I also feel that abortion should be considered a First Amendment issue because of the whole “when does life begin” question. Religious folks can’t even agree on this, as I know some who believe life begins “at the moment of conception” and others who believe life begins when the first independent breath is taken outside the womb, going along with the Genesis 2 account of the creation of Adam; only after God breathes the “breath of life” into what was made of dirt does Adam become “alive”.

  4. mikethemadbiologist
    Mike the Mad Biologist says:

    I see it as a religious issue, because this is ultimately the imposition of sectarian dogma on all citizens (Kimmer addresses the different views ‘religious’ people have).

  5. Comradde PhysioProffe
    PhysioProf says:

    Not to mention the fact that the rights enumerated in the Bill of Rights and Constitution were explicitly understood by EVERY-FUCKING-ONE at the time of ratification to have been EXEMPLARY and NON-FUCKING-EXCLUSIVE!!! The fact that right-wing motherfucking fake-ass legal scholars ALWAYS ignore this proves that they are just lying sacks of shit making up anything they fucking want to justify their sick-fuck depraved dastardly policy goals.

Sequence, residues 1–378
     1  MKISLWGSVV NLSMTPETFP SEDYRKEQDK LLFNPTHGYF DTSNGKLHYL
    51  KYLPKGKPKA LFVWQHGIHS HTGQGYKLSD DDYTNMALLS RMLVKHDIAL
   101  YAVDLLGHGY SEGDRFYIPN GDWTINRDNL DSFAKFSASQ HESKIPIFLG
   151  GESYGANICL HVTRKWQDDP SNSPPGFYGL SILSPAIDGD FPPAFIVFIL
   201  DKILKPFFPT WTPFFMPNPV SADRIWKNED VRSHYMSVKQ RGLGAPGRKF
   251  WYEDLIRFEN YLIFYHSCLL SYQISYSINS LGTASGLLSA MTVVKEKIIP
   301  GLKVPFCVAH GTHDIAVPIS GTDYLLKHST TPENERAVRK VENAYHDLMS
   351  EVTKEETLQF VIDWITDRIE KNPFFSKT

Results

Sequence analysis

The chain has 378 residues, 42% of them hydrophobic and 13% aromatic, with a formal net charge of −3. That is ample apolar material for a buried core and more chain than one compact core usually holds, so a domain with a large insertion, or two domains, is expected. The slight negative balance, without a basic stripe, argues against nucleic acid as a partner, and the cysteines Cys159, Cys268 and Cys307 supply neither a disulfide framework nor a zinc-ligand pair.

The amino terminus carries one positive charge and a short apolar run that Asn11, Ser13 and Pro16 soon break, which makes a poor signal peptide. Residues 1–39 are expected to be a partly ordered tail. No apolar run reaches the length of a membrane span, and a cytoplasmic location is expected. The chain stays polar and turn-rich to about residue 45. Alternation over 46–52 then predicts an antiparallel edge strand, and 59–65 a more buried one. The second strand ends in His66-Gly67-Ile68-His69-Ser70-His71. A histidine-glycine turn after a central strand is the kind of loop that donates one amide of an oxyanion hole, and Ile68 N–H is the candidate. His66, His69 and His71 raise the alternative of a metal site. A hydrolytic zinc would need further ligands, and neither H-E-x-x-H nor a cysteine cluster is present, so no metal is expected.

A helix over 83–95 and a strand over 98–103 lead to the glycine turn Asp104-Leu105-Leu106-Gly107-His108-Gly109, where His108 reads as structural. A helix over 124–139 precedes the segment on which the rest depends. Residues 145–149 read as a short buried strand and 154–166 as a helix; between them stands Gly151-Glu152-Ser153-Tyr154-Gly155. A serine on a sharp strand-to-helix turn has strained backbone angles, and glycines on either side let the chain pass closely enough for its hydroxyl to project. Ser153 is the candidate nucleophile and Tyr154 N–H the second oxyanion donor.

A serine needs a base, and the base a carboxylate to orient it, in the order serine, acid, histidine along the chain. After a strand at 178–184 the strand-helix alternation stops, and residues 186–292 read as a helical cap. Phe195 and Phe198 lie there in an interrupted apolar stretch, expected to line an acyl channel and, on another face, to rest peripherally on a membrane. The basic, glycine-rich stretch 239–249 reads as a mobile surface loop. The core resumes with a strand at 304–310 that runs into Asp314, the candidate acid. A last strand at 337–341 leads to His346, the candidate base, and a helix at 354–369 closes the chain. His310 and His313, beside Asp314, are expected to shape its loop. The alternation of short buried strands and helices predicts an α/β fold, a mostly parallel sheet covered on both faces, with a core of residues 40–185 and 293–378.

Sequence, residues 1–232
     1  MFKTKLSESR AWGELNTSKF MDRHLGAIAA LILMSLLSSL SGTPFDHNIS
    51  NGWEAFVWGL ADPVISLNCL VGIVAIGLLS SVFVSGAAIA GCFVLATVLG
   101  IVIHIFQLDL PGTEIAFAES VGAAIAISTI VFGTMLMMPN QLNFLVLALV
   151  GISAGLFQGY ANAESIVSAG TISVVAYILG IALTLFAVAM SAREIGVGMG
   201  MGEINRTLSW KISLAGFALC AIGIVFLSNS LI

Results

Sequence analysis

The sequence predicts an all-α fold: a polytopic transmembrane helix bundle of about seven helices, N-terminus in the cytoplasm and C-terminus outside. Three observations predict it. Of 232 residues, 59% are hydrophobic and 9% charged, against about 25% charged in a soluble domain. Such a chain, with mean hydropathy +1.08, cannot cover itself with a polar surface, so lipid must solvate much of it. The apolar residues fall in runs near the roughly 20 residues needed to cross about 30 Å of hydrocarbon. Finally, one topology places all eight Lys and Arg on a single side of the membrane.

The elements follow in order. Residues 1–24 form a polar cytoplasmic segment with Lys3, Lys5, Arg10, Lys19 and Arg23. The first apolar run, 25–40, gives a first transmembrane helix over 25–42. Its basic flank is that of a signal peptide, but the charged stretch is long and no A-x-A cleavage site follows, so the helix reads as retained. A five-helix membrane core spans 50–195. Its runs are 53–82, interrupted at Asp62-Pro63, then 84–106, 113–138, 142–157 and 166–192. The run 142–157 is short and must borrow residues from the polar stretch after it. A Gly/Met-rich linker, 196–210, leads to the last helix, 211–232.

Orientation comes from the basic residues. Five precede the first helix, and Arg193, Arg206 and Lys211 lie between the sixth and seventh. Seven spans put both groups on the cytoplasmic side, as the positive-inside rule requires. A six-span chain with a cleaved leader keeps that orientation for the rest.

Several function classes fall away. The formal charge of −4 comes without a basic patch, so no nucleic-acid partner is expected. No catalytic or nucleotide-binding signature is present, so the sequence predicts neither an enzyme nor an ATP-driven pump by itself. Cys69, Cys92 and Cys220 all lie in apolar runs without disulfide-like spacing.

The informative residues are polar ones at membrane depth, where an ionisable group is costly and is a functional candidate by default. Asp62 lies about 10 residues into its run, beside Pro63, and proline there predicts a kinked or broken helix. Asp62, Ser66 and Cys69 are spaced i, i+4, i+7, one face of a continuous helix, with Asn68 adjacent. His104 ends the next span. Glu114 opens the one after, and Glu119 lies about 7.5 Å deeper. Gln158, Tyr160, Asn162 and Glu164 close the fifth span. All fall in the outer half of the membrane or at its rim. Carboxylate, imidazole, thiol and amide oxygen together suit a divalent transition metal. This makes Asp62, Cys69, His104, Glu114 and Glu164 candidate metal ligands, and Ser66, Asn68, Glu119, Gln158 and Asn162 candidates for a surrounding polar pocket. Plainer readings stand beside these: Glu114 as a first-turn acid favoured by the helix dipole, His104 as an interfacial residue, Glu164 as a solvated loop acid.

6. Comradde PhysioProffe
    PhysioProf says:

    The only way to get a right to abortion (control over one’s own reproductive faculty in general) into America’s costitution without dishonestly pretending that it says what you would like it to say is by amending it.

    This is a total fucking lie.

  7. Paul says:

    Personal to PhysioProf:
    Your type of post, full of f-words, turns me, and I’m sure, a lot of people off. It marks you as little more than an Internet Troll with the intelligence of an 8 year old, to be ignored. Rational comments are welcome everywhere. Your’s are not.

  8. Comradde PhysioProffe
    PhysioProf says:

    Personal to right-wing assmonkey:
    Dude, you are totally fucking hilarious!

  9. somesnarksareboojums
    jre says:

    With all due respect, though, let me point out that PhysioProf is totally fucking correct. Four of the first ten Amendments, as well as the Fourteenth, were invoked to justify the Supreme Court’s decision in Roe v. Wade: